Cricket: Banking day for kings of swing: Derek Hodgson looks at today's second round ties in the NatWest Trophy

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The Independent Online
ONE of the stranger sequences offered by the second round of the NatWest Trophy today is the fact that Essex, for all their recent conquests, have never beaten Lancashire in this competition. That, they will tell you in Chelmsford, is because the two counties have not been drawn together since 1979 and as everyone east of Bethnal Green knows, the world did not really begin until 1980 when Essex Girl reached her teens. But could this be the year of Essex revenge?

Lancashire, for so long the supreme one-day side, are having difficulty beating their own Club and Ground XI at present and their casualty list today is not reassuring: the captain, Neil Fairbrother, out for a month, is still struggling with a hamstring and two key limited-overs bowlers, Paul Allott and Ian Austin, are being treated for calf and groin strains respectively.

The match with the most implications is at Southampton, where Hampshire meet Kent in a 60- over rehearsal for their 55-over Benson and Hedges final on Saturday. Hampshire retain Bobby Parks as wicketkeeper, although Adrian Aymes is fit again.

That controversial fast bowler Paul Jarvis will lead the Yorkshire attack at Northampton, two days after being reprimanded for swearing on the pitch at Sheffield. Jarvis, playing in only his third Championship match, had a 4 for 7 spell and let fly verbally when an edge from Leicestershire's Paul Nixon skidded through the slips to the boundary. Jarvis squeaked rather than bellowed in exasperation, but it did not sound like 'Dash it. I say, you are a lucky bounder' as friends claimed.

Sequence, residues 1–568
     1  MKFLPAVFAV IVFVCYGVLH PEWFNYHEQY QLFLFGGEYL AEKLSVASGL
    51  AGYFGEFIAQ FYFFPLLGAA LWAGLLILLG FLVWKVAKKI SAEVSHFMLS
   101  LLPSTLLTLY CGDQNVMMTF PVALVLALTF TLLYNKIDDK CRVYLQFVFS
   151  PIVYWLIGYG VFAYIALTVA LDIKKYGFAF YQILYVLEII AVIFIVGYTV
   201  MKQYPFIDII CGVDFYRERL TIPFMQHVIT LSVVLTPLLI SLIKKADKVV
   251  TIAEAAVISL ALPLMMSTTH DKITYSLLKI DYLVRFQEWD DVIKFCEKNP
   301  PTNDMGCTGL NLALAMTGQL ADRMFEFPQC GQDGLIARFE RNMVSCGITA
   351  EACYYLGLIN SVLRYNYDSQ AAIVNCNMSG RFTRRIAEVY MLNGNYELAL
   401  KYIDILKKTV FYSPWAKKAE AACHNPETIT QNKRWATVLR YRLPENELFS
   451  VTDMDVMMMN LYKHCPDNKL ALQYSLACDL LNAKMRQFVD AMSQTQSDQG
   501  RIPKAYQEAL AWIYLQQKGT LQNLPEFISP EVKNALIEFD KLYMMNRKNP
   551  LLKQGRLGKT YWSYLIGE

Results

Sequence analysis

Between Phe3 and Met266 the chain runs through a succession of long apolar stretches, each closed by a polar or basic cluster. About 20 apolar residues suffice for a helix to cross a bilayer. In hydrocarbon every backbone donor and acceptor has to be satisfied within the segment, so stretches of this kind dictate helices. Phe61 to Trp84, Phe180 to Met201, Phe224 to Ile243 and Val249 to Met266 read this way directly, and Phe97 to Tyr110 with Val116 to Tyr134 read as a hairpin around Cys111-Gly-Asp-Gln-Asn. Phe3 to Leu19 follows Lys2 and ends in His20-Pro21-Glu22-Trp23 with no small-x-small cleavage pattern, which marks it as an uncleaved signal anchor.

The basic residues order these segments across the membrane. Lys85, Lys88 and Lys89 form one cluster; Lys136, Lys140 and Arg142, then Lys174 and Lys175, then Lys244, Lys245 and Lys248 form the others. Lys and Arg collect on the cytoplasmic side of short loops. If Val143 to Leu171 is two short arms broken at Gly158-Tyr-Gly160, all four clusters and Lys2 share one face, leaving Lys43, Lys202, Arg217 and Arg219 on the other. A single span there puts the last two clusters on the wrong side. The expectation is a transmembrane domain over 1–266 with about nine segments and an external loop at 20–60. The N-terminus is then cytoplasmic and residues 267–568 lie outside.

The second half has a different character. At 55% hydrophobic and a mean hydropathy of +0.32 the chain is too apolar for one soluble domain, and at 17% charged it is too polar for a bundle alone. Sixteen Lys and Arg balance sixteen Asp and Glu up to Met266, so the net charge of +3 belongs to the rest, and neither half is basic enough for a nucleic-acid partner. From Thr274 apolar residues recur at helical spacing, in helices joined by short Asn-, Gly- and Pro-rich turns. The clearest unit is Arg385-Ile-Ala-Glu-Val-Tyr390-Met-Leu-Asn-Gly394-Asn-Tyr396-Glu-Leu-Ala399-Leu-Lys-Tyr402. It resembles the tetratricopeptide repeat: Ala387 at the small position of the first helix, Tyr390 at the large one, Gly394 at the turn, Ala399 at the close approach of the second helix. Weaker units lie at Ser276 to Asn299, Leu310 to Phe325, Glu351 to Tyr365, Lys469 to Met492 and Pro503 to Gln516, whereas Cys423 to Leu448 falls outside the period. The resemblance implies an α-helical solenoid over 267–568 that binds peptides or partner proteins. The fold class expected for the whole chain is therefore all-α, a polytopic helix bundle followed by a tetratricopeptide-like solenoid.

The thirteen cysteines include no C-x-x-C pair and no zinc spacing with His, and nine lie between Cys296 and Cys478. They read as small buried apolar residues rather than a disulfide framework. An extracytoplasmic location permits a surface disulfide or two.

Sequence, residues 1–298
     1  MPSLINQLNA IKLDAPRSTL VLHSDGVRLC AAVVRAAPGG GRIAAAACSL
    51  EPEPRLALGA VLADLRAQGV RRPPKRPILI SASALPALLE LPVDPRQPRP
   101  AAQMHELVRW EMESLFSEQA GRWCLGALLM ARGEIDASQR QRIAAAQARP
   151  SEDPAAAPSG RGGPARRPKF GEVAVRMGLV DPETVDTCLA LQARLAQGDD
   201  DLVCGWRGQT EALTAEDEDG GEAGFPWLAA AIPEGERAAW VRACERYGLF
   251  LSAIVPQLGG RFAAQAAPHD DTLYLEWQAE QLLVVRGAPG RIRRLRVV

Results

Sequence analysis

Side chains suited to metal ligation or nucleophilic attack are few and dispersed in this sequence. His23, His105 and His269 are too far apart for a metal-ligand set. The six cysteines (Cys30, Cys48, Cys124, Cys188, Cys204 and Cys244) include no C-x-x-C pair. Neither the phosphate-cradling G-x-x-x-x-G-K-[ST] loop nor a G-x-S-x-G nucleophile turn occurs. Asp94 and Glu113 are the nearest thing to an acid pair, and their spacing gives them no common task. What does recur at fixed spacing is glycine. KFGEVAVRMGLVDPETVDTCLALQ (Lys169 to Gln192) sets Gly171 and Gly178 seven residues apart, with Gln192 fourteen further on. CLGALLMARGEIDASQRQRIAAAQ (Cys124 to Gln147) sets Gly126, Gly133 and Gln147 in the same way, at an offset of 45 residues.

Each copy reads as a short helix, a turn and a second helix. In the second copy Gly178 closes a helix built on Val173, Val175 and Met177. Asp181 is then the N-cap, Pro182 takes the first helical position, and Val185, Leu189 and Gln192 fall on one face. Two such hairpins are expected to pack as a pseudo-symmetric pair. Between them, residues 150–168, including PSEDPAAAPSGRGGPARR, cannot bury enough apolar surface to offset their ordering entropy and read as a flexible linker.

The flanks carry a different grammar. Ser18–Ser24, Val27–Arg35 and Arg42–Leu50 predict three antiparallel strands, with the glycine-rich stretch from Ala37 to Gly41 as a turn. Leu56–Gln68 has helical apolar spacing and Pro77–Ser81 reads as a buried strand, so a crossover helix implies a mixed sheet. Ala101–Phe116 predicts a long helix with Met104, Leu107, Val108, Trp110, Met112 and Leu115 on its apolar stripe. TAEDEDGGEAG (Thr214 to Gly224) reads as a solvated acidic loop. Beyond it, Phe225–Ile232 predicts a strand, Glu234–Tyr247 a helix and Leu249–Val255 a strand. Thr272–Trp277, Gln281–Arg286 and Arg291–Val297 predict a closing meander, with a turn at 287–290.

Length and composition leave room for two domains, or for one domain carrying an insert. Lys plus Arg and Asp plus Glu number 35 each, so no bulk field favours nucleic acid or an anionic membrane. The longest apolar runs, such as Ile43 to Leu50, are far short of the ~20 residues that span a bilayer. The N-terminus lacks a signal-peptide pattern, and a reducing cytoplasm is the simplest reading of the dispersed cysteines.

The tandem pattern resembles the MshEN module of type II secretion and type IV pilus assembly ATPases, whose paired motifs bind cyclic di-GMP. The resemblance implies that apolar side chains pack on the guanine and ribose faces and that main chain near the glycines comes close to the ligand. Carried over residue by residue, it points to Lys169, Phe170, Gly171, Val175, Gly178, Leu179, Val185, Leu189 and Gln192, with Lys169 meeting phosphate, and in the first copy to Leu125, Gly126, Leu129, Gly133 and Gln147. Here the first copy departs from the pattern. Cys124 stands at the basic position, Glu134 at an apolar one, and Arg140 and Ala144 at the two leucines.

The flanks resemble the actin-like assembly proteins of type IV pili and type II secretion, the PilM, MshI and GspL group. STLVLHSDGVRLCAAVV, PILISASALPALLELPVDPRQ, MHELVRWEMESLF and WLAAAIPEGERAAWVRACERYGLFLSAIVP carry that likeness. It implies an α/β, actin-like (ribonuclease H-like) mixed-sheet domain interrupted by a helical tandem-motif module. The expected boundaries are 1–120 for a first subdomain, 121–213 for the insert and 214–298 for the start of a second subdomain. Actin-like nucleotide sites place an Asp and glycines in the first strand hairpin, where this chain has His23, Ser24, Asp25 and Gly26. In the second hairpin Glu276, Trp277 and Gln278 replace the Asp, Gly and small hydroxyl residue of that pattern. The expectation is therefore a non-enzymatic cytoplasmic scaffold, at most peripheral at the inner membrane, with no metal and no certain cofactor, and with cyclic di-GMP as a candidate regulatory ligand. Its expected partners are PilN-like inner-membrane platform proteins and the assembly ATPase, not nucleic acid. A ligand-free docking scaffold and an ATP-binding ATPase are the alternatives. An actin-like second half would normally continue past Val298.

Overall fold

Elsewhere, strains and pains will be expected to disappear under the physio's magic hands this morning as at least 10 of the 18 county clubs will see this competition as their last chance of making something of themselves in 1992. Durham, once feared as giant-killers, can have no greater test of their new status than a visit to Middlesex in their true heartland at Uxbridge.

One of the most intriguing ties is at Edgbaston, where the first 60-over finalists meet, reviving memories of those dear old days of 1964 when Gillette would hand out plastic razors in a desperate attempt to remind spectators of their real business.

The two clubs have met twice in the last 12 years, Sussex winning on both occasions and by the colossal margin of 124 runs at this stage in 1981. Each man of the match today will get a cheque for pounds 1,200 and the winners are assured of pounds 13,500. Humidity, under cloud, will mean that swing is king.

Hampshire's humble heroes,

Tendulkar a hit, page 38

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